By Darren Franich
June 02, 2017 at 11:34 AM EDT
Justina Mintz/SHOWTIME
  • TV Show

See the young struggling stand-up comedian playing bad sets after midnight and doing empty-room open mics, becoming familiar not with laughter, but with the loud silence where laughter should have been. She isn’t great yet, our struggling stand-up. But she is getting better. That’s what I’m Dying Up Here is about, and that’s what I’m Dying Up Here feels like. It’s a show finding its voice, one lame joke, haphazard idea, brilliant line and complex idea at a time.

Showtime’s new series recreates the ’70s comedy scene on the Sunset Strip, casting real comedians and reputed actors as young stand-ups with pre-viral dreams of Johnny Carson-adjacent glory. It’s loosely adapted from William Knoedelseder’s nonfiction book of the same name. “Loosely” is the vibe of the pilot, which hangs a bunch of characters around a wildly unconvincing plot contrivance. We meet a moody-tough Boston-Italian named Clay Appuzzo, played by Sebastian Stan. I like Stan fine in his lane – Bucky Shmucky, he’s Gossip Girl’s Carter Baizen for life – but if he’s a tough moody Italian guy, then I’m Sebastian Stan.

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Fortunately, Clay sticks around just long enough to give a symbolic speech about Mount Everest. Then he goes on Carson, has a great night, and (SERIES DEFINING SPOILER ALERT) gets run over by a bus in an accident that’s probably a suicide. Clay’s mourned by his whole comedy community — a crew of misfits, wannabes, dreamers, and maybe a couple future Late Night hosts. I’m Dying Up Here‘s comedians all hang out at the Cellar, a club owned by Goldie (a majestic Melissa Leo, going full McShane). Some characters pop. Clay’s ex-girlfriend Cassie (the ludicrously dependable Ari Graynor) is a female comedian who’s already tired of being a “female” comedian. Adam (RJ Cyler) is a rookie with chutzpah. Challenged by the one of the older comedians, he unleashes a minute-long joke about sexual congress with the comedian’s mom, a gag that becomes a soliloquy and the first clip for Cyler’s Emmy reel.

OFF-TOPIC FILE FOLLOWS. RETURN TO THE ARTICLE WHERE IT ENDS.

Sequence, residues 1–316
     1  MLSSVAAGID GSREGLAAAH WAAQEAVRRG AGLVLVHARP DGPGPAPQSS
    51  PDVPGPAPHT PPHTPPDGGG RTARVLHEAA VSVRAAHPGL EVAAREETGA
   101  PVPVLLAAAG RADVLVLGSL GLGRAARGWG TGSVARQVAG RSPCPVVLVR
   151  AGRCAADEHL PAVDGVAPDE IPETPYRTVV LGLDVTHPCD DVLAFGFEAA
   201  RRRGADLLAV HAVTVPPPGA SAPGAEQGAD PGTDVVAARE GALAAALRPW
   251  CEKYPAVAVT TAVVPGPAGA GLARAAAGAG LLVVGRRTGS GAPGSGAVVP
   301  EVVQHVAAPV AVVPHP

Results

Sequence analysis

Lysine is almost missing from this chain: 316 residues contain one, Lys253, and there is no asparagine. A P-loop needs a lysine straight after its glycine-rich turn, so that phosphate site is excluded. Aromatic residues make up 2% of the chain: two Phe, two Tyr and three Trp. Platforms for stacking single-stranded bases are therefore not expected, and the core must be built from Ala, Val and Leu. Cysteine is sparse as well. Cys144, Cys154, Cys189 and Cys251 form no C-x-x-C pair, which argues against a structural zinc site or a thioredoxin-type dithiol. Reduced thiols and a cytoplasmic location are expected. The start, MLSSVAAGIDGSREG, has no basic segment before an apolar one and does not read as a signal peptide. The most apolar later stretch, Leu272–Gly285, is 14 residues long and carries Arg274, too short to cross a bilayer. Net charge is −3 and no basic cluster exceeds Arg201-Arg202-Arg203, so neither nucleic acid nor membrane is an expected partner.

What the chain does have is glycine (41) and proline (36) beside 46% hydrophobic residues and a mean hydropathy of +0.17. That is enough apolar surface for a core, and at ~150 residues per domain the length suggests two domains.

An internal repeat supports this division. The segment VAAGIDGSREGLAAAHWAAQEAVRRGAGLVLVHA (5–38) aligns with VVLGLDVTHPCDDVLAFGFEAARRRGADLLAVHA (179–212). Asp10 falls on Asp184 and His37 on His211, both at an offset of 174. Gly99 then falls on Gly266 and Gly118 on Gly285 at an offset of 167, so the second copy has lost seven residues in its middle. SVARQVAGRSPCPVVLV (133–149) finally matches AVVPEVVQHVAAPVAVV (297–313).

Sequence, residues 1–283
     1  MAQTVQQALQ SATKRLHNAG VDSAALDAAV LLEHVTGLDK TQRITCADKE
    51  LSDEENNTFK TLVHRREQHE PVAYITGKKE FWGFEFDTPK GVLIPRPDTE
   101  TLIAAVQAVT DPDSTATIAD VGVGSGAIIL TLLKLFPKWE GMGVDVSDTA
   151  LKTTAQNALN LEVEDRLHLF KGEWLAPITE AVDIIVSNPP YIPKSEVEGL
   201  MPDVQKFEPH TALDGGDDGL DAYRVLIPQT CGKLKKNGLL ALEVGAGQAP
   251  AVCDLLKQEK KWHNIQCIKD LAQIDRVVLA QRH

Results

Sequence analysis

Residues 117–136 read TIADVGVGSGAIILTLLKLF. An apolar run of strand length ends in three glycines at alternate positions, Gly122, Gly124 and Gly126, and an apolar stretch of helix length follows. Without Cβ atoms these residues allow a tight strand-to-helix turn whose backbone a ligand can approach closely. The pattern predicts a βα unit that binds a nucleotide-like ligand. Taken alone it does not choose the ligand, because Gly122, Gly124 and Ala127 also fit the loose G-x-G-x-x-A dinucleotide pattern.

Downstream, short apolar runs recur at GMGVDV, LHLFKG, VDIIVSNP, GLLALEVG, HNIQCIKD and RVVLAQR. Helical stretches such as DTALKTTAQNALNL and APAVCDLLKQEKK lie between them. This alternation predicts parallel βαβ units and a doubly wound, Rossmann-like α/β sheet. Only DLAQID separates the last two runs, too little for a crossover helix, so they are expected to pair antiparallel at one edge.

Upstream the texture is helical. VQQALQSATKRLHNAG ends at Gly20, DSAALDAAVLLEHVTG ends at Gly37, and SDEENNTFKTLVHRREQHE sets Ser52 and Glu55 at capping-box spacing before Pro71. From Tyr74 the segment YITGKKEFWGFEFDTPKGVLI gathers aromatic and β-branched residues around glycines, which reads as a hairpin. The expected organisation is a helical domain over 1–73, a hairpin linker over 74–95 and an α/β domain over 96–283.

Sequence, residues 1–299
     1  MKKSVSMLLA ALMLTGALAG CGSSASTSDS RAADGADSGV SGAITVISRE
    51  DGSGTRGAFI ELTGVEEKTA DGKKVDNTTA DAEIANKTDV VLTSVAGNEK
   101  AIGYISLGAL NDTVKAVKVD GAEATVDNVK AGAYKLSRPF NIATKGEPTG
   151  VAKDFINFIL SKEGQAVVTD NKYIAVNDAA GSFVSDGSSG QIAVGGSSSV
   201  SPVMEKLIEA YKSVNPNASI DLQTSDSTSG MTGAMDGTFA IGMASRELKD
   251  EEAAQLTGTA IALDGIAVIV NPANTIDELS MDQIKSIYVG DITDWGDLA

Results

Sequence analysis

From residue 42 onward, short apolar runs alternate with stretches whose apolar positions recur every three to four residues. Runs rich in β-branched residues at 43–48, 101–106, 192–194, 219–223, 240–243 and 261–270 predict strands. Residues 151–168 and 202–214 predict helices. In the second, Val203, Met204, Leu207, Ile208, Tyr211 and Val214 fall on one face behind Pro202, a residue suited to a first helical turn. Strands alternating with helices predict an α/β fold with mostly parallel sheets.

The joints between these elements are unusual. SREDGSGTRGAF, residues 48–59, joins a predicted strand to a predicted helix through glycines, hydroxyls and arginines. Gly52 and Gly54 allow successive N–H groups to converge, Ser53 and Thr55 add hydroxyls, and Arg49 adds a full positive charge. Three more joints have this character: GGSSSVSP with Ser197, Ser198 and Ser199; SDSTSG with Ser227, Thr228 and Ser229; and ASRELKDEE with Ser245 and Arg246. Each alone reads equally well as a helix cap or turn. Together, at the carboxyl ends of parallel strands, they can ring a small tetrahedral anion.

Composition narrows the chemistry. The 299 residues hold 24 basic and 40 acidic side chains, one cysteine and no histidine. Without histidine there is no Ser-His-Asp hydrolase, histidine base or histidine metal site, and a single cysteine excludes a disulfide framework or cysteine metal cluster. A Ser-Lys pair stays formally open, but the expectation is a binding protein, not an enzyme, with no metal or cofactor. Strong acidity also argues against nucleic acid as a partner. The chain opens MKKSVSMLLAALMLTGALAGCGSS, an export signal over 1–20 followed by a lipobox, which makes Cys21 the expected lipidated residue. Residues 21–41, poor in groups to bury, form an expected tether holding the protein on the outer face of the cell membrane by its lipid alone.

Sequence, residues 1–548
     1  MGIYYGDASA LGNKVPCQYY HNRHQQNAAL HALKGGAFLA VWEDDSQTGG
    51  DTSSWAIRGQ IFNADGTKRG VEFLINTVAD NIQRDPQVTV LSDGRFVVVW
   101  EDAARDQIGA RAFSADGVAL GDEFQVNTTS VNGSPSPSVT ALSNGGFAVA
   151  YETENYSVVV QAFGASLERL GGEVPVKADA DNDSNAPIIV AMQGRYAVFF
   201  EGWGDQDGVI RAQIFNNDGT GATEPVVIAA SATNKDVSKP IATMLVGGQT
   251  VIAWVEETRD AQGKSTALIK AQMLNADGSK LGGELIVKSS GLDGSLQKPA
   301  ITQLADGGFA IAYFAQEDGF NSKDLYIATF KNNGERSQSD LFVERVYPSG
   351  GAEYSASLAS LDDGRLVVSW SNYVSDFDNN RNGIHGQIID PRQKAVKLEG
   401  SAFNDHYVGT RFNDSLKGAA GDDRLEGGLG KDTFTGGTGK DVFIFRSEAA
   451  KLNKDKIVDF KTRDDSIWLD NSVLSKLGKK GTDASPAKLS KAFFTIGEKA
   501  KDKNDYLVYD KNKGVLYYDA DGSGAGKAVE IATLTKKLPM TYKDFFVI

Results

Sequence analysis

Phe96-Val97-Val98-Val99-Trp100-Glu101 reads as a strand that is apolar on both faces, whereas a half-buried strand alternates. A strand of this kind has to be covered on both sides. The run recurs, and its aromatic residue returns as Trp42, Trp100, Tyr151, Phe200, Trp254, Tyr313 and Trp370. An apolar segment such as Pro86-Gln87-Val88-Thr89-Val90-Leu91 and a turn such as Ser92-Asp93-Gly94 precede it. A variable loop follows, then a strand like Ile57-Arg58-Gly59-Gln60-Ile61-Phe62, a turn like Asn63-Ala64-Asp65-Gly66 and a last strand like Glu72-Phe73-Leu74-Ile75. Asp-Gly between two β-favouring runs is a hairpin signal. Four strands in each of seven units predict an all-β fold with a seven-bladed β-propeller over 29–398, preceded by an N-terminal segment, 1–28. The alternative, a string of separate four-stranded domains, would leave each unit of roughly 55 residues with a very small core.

There are a lot of other comedians, and their friends and family. The show sprawls like Los Angeles, with Hollywood icons popping by to say hello, and a running plot-theme about the plight of funny women, and a sincere attempt to bear witness to the fall and rise of showbiz generations, and jokes that either aren’t funny or are not supposed to be funny. The show’s ambitious: Surely we need a series that gives our comedy-besotted moment its own creation myth. In the first episode, there’s a throwaway line that could be a statement of purpose: “Yeah, we can all hold hands and buy the world a f—ing coke,” spits Goldie. Is that a wink at the Mad Men finale – a show set in the ’70s picking up the baton from our defining modern image of the ’60s? Or is it even a bit of a sneer, a sarcastic assault on those sad-sack advertising executives by comedians working every day for a solitary laugh?

I’m Dying Up Here is messy, at first. It feels like a show being reconceived on the fly. Stan pops up as a taunting ghost, and then doesn’t. Alfred Molina makes a big introduction as Adam’s manager, then seems to disappear. The dude comedians start to fade together, just one beard after another, but the season’s fourth episode playfully mixes the Billie Jean King/Bobby Riggs tennis match and Irving Berlin’s “Anything You Can Do” into a casual snapshot of women in show business circa forty years ago to now.

But I found myself returning to I’m Dying Up Here for a simple reason: It’s a good hang. The show captures the peculiar tense camaraderie and striving oneupmanship of young comedians. After hours, the comedians flee to a local diner, commiserating, confessing, insulting and laughing. “We’re all in this together!” they seem to say, and also: “Stay out of my way!” B+

  • TV Show
  • TV-MA
  • 06/04/17
  • In Season
  • David Flebotte
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